* DISCLAIMER - I'm anti adult-craft ... It is so ingrained in my philosophy. It's how I teach, how I work. I use open ended materials and quality resources and I just let the children go ... I throw them ideas here and there - but for the most part, I set up art*full provocations and I let them create. Please do not feel the need to try and convince me that adult directed craft is a valuable approach to teaching children. You're entitled to your opinion, as am I. Here's mine:
I was doing relief teaching at an old-school pre-school the other day and I really did not feel connected with that space. Like not one bit. It was ok to look at. And it was ok to spend some time ... but as the day progressed and I watched the children being “guided” to do their craft work for the day I started to feel a bit icky. It was all adult-directed. There was a sample of what the craft should look like. The painting experience was packed away. Children’s painting's were whisked away. Children painting whatever they wanted was seen as a pointless activity. The craft was seen to be where the real learning occurred. The staff were pressured by the manager of the service to ensure that each child did their craft for the day, morning and afternoon.
Their portfolios were full of them. All the same. A is for apple. B is for ball. C is for cat. All the same. Every craft element in those books were cut by adults. All the children had to do was stick them down in the same way the adult did in the sample. They were all the same. I did not see the child in their portfolios. I could not read their personalities, interests, likes and dislikes, their challenges and their strengths and achievements. I could not see them. All I could see was “Wwah is for Whale”.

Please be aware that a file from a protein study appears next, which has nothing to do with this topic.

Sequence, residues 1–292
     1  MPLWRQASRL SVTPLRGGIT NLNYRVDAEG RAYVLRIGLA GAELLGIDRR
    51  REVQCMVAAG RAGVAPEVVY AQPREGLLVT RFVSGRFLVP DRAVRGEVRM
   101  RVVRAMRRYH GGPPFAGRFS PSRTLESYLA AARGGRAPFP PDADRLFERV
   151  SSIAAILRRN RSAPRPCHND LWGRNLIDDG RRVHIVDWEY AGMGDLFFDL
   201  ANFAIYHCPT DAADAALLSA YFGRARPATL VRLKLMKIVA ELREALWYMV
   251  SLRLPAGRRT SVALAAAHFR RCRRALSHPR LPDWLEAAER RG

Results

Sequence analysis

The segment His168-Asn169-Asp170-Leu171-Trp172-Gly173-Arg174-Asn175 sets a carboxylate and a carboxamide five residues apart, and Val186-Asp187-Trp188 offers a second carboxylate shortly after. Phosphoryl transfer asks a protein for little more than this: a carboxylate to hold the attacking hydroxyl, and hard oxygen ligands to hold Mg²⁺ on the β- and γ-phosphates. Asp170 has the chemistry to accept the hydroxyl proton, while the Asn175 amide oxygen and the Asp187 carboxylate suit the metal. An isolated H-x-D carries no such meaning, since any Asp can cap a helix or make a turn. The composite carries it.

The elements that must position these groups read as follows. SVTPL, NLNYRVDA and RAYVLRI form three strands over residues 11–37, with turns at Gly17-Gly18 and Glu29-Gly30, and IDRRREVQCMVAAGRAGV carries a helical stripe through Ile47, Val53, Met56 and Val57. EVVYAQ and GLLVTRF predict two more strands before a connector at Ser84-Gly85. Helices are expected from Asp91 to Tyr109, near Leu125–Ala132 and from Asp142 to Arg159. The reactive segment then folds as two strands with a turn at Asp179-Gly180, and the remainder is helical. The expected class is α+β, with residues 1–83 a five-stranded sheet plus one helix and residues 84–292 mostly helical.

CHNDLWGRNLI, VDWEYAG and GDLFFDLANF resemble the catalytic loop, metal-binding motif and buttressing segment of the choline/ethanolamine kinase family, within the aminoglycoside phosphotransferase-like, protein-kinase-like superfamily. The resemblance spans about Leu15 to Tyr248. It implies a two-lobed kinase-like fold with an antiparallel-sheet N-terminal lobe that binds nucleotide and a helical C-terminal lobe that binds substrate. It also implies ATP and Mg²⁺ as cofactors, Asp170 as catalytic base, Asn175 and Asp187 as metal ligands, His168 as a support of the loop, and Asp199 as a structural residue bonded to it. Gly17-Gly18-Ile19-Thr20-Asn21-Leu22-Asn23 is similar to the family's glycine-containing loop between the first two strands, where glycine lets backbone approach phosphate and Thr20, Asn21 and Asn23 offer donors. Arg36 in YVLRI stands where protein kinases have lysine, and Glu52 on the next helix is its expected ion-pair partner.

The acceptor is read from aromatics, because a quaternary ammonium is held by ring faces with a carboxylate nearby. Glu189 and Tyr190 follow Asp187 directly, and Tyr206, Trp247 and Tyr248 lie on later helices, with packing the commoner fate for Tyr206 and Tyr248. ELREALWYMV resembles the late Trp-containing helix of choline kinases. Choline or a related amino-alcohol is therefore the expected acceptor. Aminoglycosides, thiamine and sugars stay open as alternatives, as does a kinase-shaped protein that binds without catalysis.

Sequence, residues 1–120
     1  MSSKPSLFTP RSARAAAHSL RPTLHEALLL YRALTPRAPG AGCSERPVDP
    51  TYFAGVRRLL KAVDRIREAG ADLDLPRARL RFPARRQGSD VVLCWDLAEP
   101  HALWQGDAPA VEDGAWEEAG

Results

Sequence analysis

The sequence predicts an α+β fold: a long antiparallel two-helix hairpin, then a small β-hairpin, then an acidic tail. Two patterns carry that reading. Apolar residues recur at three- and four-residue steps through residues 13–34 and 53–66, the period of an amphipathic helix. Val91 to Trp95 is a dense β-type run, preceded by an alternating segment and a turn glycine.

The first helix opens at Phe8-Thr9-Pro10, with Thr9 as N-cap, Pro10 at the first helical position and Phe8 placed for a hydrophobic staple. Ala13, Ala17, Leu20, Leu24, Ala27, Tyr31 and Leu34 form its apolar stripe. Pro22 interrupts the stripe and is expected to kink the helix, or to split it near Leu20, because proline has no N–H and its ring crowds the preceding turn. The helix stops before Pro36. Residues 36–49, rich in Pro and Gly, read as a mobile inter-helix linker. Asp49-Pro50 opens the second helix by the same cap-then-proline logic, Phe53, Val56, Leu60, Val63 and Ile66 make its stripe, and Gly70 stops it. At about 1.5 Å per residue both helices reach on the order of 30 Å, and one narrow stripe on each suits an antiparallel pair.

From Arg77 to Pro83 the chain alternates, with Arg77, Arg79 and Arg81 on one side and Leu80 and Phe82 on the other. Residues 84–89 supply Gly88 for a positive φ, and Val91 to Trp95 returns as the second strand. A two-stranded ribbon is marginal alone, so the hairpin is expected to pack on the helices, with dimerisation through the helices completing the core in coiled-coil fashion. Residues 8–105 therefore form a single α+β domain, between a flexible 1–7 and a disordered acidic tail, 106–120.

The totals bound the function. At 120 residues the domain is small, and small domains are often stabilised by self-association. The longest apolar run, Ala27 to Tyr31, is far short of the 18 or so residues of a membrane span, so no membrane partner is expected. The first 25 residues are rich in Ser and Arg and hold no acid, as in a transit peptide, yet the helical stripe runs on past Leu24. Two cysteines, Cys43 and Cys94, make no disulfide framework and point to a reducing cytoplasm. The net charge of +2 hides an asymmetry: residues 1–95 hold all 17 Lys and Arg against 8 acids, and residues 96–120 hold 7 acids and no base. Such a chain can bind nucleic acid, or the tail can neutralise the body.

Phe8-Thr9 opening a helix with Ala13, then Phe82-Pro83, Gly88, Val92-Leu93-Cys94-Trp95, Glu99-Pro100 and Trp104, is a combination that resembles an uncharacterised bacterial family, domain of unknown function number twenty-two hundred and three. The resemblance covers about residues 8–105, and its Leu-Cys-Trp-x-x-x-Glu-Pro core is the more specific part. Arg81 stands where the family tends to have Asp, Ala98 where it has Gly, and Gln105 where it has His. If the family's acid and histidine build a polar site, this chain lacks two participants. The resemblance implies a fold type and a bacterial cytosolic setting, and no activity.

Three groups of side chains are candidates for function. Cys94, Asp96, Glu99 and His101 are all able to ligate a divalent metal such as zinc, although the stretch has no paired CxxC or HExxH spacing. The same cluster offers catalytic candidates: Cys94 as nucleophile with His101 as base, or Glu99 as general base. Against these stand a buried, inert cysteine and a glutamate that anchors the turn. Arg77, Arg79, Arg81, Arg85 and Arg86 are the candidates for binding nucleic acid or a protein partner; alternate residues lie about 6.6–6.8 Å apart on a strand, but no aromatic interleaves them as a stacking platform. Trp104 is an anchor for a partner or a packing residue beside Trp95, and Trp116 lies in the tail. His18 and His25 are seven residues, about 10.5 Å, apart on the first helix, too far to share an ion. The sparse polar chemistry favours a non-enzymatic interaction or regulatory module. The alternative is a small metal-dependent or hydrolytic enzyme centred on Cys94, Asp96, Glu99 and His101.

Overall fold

I was placed in charge of the craft for the afternoon session. I hated it. It rubbed me the wrong way. I was upset by this for days. I’m still upset. I saw a little boy who was not ‘craft-inclined’ made to sit and produce a product. I saw another boy look at me apprehensively asking me what he should do ...
I was a brat and I told him he could do whatever he wanted...
I am sure I rocked the boat and upset the apple cart both at the same time.
He was so apprehensive ... He didn’t want to not follow the status quo of the service ... He didn’t want to get it wrong. Which makes you wonder ... When I’m not there – what happens? What happens when you don’t create the required craft item using the adult sample as the guide? What happens if you say no? What happens if for the little life of you, you can’t understand what is expected? Does the adult then do it for you? What’s the point of that? Do you get ‘spoken to’ in front of your peers at the table? What happens then? How are you made to feel?
The pre-planned adult structured craft really got to me. It was all the same. Cookie-cutter. In my own eyes pointless. Products which are results driven, given to parents to suggest that this is the learning the children are doing ... It’s learning because we put a letter of the alphabet on it!
This service is teaching children that their own work – their own paintings aren’t good enough. That they’re not able to learn themselves through a play-based curriculum. That they cannot resource themselves with their own ideas with open ended materials. That they aren’t good enough as people...
I feel for those little souls.
I hated it.
I really, really really REALLY hated it.